The Senate is in the midst of a marathon session forced by Mitch McConnell and his minions in full revenge mode. In retaliation for the Democrats changing the rules on nominations to end Republican filibusters, Republicans insisted on using up every bit of time available to delay votes as long as possible, by insisting on using all 30 hours of possible debate on nominees. The tactic merely delays the inevitable, as the
final confirmation vote for Nina Pillard
took place anyway. Pillard was confirmed, 51-44 at 1:00 Thursday morning.
"I thank the Senate for confirming Nina Pillard to be a judge on the U.S. Court of Appeals for the District of Columbia Circuit, which for the first time, will have five active female judges on the bench," Obama said in a statement. "Throughout her career, Ms. Pillard has displayed an unwavering commitment to justice and integrity. Her landmark accomplishments on behalf of women and families include Supreme Court cases defending the constitutionality of the Family and Medical Leave Act and opening the doors of the Virginia Military Institute to female students. I’m confident she will be a diligent, thoughtful and judicious addition to the D.C. Circuit."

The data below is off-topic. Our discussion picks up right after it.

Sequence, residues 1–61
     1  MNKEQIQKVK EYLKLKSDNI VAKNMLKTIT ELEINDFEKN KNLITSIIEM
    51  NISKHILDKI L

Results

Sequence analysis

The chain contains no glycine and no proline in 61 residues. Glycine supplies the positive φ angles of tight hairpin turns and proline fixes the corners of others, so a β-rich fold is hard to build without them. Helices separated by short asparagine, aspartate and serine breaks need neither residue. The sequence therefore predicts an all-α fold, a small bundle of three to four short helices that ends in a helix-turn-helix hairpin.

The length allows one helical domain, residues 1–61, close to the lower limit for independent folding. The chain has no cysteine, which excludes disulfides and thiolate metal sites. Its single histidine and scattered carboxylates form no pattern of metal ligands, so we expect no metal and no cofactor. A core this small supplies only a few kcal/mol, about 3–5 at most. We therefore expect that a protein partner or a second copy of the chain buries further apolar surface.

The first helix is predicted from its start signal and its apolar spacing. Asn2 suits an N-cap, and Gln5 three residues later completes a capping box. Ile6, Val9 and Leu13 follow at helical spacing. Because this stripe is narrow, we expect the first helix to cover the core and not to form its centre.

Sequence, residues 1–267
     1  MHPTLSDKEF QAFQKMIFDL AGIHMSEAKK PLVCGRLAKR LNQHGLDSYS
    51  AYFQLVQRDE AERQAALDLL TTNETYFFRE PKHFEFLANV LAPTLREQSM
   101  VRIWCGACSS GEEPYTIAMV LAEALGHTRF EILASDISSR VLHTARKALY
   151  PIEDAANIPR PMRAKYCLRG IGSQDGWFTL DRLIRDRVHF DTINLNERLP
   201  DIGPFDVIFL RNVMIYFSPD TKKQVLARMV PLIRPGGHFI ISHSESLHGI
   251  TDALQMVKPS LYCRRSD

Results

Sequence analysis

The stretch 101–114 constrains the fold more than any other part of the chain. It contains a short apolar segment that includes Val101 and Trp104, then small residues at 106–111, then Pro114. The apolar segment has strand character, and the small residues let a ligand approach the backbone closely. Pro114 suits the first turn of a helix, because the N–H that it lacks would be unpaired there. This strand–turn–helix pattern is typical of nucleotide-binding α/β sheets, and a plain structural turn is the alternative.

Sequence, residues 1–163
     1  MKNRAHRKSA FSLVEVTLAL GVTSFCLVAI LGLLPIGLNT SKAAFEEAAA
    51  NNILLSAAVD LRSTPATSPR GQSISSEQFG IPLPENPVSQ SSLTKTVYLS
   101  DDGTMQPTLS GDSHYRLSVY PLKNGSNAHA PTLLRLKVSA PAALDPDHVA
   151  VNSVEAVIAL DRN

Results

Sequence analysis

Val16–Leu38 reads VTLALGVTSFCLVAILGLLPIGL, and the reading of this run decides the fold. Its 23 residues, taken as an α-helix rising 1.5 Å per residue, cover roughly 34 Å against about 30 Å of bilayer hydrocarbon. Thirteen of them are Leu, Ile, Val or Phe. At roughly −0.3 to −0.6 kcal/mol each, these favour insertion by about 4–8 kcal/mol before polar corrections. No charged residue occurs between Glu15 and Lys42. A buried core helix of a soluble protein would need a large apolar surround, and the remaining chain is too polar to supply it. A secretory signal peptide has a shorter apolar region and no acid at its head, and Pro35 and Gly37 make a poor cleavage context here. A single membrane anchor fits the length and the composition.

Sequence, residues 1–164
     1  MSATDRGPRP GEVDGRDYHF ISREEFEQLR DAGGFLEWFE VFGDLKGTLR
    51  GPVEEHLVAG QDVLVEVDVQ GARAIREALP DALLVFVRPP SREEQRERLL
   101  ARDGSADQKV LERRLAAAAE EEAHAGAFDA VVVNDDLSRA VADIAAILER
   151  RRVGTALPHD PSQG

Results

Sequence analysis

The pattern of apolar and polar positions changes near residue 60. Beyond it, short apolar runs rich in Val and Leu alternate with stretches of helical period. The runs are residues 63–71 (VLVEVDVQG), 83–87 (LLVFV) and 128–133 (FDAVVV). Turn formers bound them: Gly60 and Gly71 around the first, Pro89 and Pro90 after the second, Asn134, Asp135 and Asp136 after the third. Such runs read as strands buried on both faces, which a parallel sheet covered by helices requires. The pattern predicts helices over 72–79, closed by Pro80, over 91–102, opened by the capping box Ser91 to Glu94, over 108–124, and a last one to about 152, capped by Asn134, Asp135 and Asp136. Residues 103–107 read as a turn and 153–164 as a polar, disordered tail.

Pillard's work on gender equality has drawn comparisons to Ruth Bader Ginsburg, the leader of the Supreme Court's liberal wing, who was a D.C. Circuit judge before becoming a justice.
Pillard's work on gender equality and reproductive health rights also caused three ConservaDems to vote against her confirmation: Joe Manchin (WV), Mark Pryor (AR) and Joe Donnelly (IN). They apparently endorse Sen. Lindsey Graham's (R-SC) hyperventilating
over Pillard as "the most hard noise, fire breathing liberal" who will "change the judiciary forever." Okay, then.
The Senate then spent the night listening to Republicans complain about Obamacare and the nuclear option while the 30 clock wound down on the nomination of Chai Feldblum to the Equal Employment Opportunity Commission (EEOC), who was confirmed, 54-41. Then they complained for another three hours before voting on Elizabeth Wolford's nomination to be a district judge for New York. She was confirmed, 70-29.
Majority Leader Harry Reid might be exasperated by Republican tactics, but that isn't going to stop pushing through these nominations. He has threatened to keep the Senate in through Christmas if Republicans insist on these delaying tactics with every nomination. Because the Senate will do its job of confirming the nominees the president puts forward.
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